The World’s Greatest Poets

Amongst the shisha-smoking, camel-riding
women of the Sahara live the world’s greatest poets.
Their days shape in sound, not in ink.
Language grows in sand, in calm weather, a storm.

In the red desert morning these women milk lyrics
from the unwilling udders of goats.
Poems are whispered in the pouring of their breakfast tea.
The soft kisses of their sons and daughters dissolve into verse.

These women feel the caress of a sonnet
as they make love to their husbands, who
hold their wives’ smooth bodies like
romance novels, they cannot read.

The women silence their children so that ghazals may
slip into the kitchen undisturbed.
So that they may rise with the bread, curdle with the milk,
barefooted, dance.

Poems are called in on the dusk, are carried
by the wind to the next valley, where another woman
catches the words on an open door,
welcomes them into her home.



Myanmar (also known as Burma) was also going through a time of great change when I arrived in 2012. After almost 50 years of being a closed country under the control of a military dictatorship the borders of the country were slowly opening, freedom of speech was possible without punishment and the first democratic election was planned. However, unrest was still present in civil war and religious violence between Buddhists and Muslims.

There was an uncertainty in everyone as we went about work, unsure what we could do or say without repercussions and always speculating whether the country was really changing. We were told about change more than we saw it. The changes were most obvious first in increased Yangon traffic and a few new shopping malls. During this first year Myanmar was a lonely place, full of smiling people, who I couldn’t understand.


Spilt Tea

This is the land where the bottle collectors call
like they are asking for the bodies of your loved ones.
The rain has come and with it wind
that carries birds in wide circles around our homes.
They remove the scaffolding from the pagoda, so its mosaic mirrors reflect the storm.
Reflection breaks us into the small pieces of ourselves.
Hatred grows in strange ways and will
not be scraped away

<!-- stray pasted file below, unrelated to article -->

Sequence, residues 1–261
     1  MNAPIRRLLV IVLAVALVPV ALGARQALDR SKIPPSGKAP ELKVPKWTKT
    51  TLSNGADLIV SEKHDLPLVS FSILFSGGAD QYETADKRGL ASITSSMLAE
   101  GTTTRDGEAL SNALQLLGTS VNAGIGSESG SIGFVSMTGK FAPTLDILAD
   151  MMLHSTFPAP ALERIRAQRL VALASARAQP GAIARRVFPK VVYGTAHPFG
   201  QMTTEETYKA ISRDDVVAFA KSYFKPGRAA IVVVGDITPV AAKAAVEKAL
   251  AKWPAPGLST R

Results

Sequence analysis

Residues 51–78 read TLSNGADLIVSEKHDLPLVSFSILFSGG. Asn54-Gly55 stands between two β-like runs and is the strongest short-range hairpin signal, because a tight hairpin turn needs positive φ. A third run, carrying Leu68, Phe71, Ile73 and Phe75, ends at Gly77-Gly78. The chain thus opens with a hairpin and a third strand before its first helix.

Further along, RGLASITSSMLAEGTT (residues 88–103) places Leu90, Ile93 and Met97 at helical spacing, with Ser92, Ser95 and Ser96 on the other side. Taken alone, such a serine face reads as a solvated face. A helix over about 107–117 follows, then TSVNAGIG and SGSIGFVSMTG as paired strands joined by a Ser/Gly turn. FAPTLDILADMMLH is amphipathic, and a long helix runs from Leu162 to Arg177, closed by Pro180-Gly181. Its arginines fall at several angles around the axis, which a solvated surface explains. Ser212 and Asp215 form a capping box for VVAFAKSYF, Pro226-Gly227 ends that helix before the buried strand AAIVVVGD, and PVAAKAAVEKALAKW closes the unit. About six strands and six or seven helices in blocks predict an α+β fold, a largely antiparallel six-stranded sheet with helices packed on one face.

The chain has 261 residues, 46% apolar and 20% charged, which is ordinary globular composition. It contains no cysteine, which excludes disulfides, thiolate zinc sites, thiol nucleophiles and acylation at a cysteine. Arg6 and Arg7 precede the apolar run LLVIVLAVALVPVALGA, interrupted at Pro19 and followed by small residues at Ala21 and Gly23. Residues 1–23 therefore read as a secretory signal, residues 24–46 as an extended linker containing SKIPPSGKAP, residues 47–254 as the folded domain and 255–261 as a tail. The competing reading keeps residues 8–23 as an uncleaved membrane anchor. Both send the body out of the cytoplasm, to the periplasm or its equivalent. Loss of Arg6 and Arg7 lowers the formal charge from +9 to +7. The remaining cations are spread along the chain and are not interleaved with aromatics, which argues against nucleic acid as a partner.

like mould at the end of the rainy season.

This is the land of closed doors and arm-crossed observers.
Sometimes a feeling like fear,
which hangs overcast like the clouds.
It rains so suddenly.
I am not like that. This is not like that.
This is the land of the legends of trees which once perched on hills.
Hate lingers like a storm.
I long to scream like the rain, to know someone,
who like the sun,
will breathe those words away.
This is the land of the careful myth. Rain falls, cars go the wrong way.
Every part of me is pulled over like traffic.
We are moving they say, but still there is not the feeling of movement.
This is the land of embargo.
Here, I learn to make loneliness my friend. To accept pain
as abstract. Longing for change.

This is the land of the stirring spoons,
where the sun appears only in the evening, to shine
gold light over the flooded streets.
This is the land of the stranger’s smile. You are happy to see me.
We are people who see each other. People who see each other
though these slippery streets and wordless curbs.
We are people who drip
into this country,
spilling ourselves over its cities, hoping
never to be mopped up.

Out On The World will be at Opium Bar on the Cowgate, Edinburgh at 16.15 from the 6-16 August.


  1. ‘The Ex-Revolutionary’ was published by Magma, Issue 60 – The Freedom Issue.
  2. ‘Spilt Tea’ was publised in The Myanmar Times, September 2013.



  1. […] can see a link to some of the show here, published by the Glasgow Review of […]

  2. Reblogged this on Catriona Knapman and commented:
    Excited to share an excerpt from my fringe show starting next week in the Glasgow Review of Books.

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The Glasgow Review of Books (ISSN 2053-0560) is an online journal which publishes critical reviews, essays and interviews as well as writing on translation. We accept work in any of the languages of Scotland – English, Gàidhlig and Scots.